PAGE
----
Genital warts are one of the most common sexually transmitted diseases. It may appear as a skin-colored bump or cauliflower. They can be as small as a pinhead or as large as an egg. The most frequently involved areas are the vulva in women (roughly the part seen when looking from the outside of the female genital organ), the breech circumference, the vagina and the cervix; in men, it is the penis, scrotum and breech circumference.
Genital warts are caused by a virus called human papilloma virus (HPV). There are many types of HPV. However, not all HPV causes genital warts. HPV can cause cancer of the cervix, vulva, anus and penis. It should be noted that HPV infection does not always result in cancer.
How are genital warts transmitted?
Genital warts are sexually transmitted. The only way to completely prevent genital warts is to not have sexual intercourse at all. Sometimes warts may not appear for years after being infected with the virus. For this reason, the fact that you do not see warts in your partner does not mean that they are not infected with the HPV virus.
What are the symptoms of genital warts?
Small skin-colored or dark-colored bump in the genital area
Some warts can come together and take the appearance of cauliflower.
Itching or discomfort in the genital area
bleeding during sexual intercourse
What are the risk factors for genital warts?
Having unprotected sex with multiple partners
Having another sexually transmitted disease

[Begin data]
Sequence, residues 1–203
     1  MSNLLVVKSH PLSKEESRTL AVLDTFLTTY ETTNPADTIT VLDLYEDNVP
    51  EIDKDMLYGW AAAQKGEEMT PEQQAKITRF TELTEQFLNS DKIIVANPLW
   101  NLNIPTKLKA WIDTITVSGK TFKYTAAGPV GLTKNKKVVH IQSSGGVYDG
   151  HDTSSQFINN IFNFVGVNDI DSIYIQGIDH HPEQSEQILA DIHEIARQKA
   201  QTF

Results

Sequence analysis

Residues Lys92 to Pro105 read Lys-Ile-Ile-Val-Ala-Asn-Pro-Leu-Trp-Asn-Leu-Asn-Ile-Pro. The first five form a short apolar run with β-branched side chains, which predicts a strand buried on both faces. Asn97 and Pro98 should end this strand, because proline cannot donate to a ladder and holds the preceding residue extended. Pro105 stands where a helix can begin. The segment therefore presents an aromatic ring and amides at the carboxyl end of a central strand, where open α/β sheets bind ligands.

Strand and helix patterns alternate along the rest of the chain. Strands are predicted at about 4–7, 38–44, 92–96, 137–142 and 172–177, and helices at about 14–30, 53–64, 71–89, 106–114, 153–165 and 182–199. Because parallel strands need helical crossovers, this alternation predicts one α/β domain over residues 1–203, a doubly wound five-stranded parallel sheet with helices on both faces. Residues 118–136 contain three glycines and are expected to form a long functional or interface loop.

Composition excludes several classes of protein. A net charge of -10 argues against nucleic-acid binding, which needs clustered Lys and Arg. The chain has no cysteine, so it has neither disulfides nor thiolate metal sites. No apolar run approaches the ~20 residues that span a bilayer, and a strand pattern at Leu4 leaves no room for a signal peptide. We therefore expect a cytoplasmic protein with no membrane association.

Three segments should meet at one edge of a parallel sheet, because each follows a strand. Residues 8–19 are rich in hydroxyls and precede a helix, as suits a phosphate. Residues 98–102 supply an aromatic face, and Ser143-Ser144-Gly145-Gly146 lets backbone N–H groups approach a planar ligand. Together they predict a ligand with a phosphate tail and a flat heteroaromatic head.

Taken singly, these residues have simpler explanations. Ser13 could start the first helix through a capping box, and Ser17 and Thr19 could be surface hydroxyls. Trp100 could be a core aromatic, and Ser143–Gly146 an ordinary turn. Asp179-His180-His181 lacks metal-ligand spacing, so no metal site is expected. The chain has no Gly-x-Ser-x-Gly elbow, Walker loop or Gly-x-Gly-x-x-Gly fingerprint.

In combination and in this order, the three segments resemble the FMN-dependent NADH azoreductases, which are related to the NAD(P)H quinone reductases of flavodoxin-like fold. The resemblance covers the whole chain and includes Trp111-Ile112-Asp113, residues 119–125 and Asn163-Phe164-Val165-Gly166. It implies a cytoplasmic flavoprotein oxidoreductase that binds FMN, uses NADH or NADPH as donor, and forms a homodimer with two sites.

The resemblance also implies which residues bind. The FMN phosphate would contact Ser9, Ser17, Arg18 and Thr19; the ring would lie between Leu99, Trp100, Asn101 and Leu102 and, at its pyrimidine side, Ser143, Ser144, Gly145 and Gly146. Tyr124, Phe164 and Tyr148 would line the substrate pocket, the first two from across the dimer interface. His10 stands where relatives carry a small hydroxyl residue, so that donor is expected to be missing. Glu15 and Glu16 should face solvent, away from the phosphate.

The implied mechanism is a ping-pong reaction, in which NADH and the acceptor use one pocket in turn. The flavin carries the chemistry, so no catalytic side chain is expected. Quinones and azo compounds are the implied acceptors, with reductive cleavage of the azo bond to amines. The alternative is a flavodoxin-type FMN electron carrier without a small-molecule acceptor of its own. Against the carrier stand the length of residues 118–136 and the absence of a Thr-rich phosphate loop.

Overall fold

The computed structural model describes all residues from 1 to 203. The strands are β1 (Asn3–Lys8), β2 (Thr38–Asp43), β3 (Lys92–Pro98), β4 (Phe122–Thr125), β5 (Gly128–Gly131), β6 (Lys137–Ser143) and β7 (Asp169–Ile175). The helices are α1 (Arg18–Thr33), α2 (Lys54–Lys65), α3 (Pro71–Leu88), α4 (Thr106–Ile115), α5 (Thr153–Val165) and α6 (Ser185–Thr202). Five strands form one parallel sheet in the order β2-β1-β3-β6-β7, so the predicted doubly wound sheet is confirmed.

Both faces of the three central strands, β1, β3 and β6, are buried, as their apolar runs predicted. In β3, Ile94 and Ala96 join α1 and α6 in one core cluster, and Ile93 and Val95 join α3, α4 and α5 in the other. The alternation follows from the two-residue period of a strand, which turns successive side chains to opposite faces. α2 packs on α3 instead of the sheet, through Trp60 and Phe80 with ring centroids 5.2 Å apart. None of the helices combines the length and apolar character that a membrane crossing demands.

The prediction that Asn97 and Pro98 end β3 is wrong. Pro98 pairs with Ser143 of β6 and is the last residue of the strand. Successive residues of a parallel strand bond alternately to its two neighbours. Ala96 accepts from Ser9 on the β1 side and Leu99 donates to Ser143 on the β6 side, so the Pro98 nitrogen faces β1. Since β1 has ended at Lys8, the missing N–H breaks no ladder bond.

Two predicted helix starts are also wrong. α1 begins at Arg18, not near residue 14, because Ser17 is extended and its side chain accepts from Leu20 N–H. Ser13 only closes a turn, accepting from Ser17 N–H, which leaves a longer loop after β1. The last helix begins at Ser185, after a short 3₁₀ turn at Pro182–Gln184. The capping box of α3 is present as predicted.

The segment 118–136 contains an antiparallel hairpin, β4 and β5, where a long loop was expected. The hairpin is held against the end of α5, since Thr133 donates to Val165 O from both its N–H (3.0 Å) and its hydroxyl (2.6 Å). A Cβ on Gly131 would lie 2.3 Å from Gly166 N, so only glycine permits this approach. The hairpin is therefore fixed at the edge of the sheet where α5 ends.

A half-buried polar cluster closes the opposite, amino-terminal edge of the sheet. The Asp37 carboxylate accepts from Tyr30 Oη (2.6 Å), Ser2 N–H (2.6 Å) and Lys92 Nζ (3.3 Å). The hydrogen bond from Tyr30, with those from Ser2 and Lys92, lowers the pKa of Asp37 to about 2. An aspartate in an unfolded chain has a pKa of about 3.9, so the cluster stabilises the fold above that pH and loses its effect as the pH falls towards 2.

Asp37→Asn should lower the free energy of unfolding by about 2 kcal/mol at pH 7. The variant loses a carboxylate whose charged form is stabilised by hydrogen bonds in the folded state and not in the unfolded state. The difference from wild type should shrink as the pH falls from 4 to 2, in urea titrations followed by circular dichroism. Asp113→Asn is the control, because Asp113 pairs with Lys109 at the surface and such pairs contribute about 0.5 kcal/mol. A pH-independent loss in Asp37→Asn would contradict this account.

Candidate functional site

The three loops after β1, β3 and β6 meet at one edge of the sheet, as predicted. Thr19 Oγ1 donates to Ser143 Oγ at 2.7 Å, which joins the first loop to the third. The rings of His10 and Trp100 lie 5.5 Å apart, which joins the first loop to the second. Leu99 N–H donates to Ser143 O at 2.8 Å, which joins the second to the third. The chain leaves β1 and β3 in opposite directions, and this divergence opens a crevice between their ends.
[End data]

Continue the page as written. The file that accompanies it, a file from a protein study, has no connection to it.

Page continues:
Having sexual intercourse with an unknown person
Being sexually active at a young age
What are the complications of genital warts?
The most important known complication of genital warts is cervical cancer. For this reason, it is recommended that women have a regular pap smear (swabs taken from the cervix) test. Other than that, some types can cause cancer of the anus, penis and vulva.
Genital warts can also cause some problems during pregnancy. Genital warts can grow during pregnancy. Warts on the vaginal wall may prevent stretching of the vaginal tissues during delivery. A rare but important complication is that the warts in the mother infect the baby’s throat and block the airways.
How can genital warts be treated?
About 30% of genital warts can heal spontaneously.
Even with treatment, the virus may not be completely eliminated from the body. Therefore, it may recur after treatment.
Warts can be treated with rubbing drugs that patients will use themselves or applied by a doctor.
It can be destroyed by the freezing method using liquid nitrogen gas, called cryotherapy.
It can be treated with electrocautery or an electric current, which is popularly called burning.
It can be surgically cut and removed.
Laser therapy, which is an expensive method, can also be tried in those who do not respond to treatment or are very common.
It should be noted that no matter which method is used, warts are a recurrent disease.
What precautions can be taken for genital warts?
HPV is transmitted by skin contact. However, the use of condoms in every sexual intercourse significantly reduces the risk of HPV transmission.
It is recommended to interrupt sexual intercourse until treatment is completed.
Vaccination: Currently, there are 2 different vaccines for HPV on the market. Gardasil and Cervarix. The difference of Gardasil is that it is also effective against HPV viruses that cause genital warts the most. Gardasil is approved for boys and girls and Cervarix is approved for girls only. Both vaccines are given in 3 doses.